Summer blockbusters round-up

I’ve got nothing against a big, expensive, loud summer blockbuster, even if they do predominantly seem to be American. There’s the odd Luc Besson monolith from France (though they’re normally made in English), the Harry Potter and Bond films have at least some British DNA, and there are occasional high-profile releases from the Far East and Russian. Yet it’s pretty much a given that most of the films that clutter up the multiplexes between June and September will be Hollywood product, sometimes with big stars, sometimes with virtual unknowns, but with lots of explosions, special effects and shouting.

This year (as well as last) seems to be especially poor. There were several released (Transformers 3, Pirates Of The Caribbean 4, The Hangover part 2) which I avoided because of the deafening clamour of hostility that greeted their expensive arrival in cinemas. It hasn’t been all bad – Matthew Vaughn’s X-Men: First Class was very strong and, despite the irrelevant 3D, Harry Potter And The Deathly Hallows pt 2 was probably the most purely enjoyable of the series – but it’s been more than a little disappointing. However, having had the chance to see Cowboys & Aliens, Captain America and Rise Of The Planet Of The Apes in quick succession, I feel that I’ve got more of a chance to offer some thoughts.

Cowboys & Aliens was thought by many people, myself included, to be some sort of wacky comedy when it was first announced. It’s not. Instead, Jon Favreau’s film errs on the side of seriousness and solemnity, perhaps unnecessarily so. Beginning with an atmospheric opening in which cowboy Jake Lonergan (Daniel Craig) awakes outside a small town with amnesia, only to find himself wanted by both the law and local cattle baron Dolarhyde (Harrison Ford), it loses interest more or less as soon as the generic aliens appear. It would have been vastly more interesting played as a period film noir. Craig and Ford do what’s expected of them and not much more, Olivia Wilde is serviceable enough as the mysterious woman who forms an attachment with Craig, there are some occasional moments of fun provided by a supporting cast including Sam Rockwell and Paul Dano, and the ending is the usual overstuffed series of explosions. Mildly rather than catastrophically disappointing.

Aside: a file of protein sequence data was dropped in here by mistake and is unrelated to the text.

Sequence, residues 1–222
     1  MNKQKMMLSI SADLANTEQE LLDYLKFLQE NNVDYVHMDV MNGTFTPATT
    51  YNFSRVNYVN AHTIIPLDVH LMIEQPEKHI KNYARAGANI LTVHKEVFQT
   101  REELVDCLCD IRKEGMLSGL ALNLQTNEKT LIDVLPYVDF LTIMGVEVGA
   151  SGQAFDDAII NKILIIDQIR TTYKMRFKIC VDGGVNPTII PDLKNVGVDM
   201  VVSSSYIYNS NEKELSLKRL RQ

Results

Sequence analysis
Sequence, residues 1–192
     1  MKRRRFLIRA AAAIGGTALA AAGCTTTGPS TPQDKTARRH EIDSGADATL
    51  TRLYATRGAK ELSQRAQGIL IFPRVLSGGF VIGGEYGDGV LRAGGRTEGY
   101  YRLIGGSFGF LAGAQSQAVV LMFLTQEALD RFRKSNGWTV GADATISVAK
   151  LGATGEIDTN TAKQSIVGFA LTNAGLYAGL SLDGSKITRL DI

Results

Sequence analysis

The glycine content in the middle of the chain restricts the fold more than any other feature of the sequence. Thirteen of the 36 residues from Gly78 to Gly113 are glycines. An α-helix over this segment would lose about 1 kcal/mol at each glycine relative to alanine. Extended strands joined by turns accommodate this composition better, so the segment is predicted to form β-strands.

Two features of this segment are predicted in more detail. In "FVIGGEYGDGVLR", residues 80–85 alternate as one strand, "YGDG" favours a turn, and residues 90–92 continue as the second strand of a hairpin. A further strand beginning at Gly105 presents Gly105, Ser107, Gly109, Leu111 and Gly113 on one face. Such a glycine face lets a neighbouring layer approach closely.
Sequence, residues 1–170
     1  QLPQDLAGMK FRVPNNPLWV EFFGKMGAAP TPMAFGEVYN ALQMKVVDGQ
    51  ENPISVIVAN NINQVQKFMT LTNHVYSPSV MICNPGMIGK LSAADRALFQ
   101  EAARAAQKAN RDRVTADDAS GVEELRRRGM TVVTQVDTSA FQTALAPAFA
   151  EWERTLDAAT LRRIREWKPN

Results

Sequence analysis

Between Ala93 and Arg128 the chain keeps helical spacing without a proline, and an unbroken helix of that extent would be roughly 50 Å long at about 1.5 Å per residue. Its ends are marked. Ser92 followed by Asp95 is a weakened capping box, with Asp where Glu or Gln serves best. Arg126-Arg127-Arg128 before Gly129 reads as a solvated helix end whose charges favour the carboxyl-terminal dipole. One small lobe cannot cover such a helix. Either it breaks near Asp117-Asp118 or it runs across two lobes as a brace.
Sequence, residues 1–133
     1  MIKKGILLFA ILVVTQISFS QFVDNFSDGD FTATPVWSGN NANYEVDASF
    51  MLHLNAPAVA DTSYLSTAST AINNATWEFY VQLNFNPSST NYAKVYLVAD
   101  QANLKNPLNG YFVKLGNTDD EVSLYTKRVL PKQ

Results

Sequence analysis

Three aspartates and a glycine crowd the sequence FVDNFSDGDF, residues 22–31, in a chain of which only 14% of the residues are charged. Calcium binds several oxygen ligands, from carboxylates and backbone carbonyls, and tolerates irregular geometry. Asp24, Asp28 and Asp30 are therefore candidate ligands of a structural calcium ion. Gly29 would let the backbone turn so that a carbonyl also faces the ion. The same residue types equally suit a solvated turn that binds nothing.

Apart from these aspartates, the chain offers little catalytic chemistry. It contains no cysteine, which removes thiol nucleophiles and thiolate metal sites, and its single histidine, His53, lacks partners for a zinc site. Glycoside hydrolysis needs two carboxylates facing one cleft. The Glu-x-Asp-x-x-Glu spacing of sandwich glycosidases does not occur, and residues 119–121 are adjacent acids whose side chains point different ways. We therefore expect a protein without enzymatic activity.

Altogether worse is the latest entry in the Planet of the Apes series, ‘Rise Of The…’ Beginning with a fairly interesting premise – the ape, Caesar (played in motion capture by Andy Serkis, the go-to guy for this sort of thing) is the most sympathetic and interesting character on screen – it falls down thanks to an appalling script, terrible acting from a cast who should know better (James Franco, John Lithgow, Brian Cox), uncertain direction from The Escapist’s Rupert Wyatt, who seems torn between making a Frankenstein-esque study of man’s creation gaining sentience or a conventional blockbuster in which MONKEYS BLOW STUFF UP GOOD and moments of unintentional hilarity that undermine any serious purpose. Bizarrely some people seem to be acclaiming it as some sort of high watermark in the series, but these people might have become over-excited by the free bar before the screening.

If you’re looking for something superior, try the latest in the Marvel series,Captain America (portentously subtitled ‘The First Avenger’). Nobody’s ever going to mistake the story of how weakling Steve Rogers (Chris Evans) is transformed into a super-soldier and wages war against the dastardly Red Skull (Hugo Weaving) for high art, and it too suffers from the usual final act silliness and vapidity, as well as next to no sense of period. However, it scores points for an unusually talented supporting cast (Stanley Tucci, Tommy Lee Jones, Hayley Atwell and Toby Jones) who manage to breathe life into characters that might have seemed flat on the page, some excellent one liners (apparently courtesy of a script polish from Joss Whedon) and boisterous direction from Joe Johnstone. For an unpretentious evening out, you could do far, far worse.

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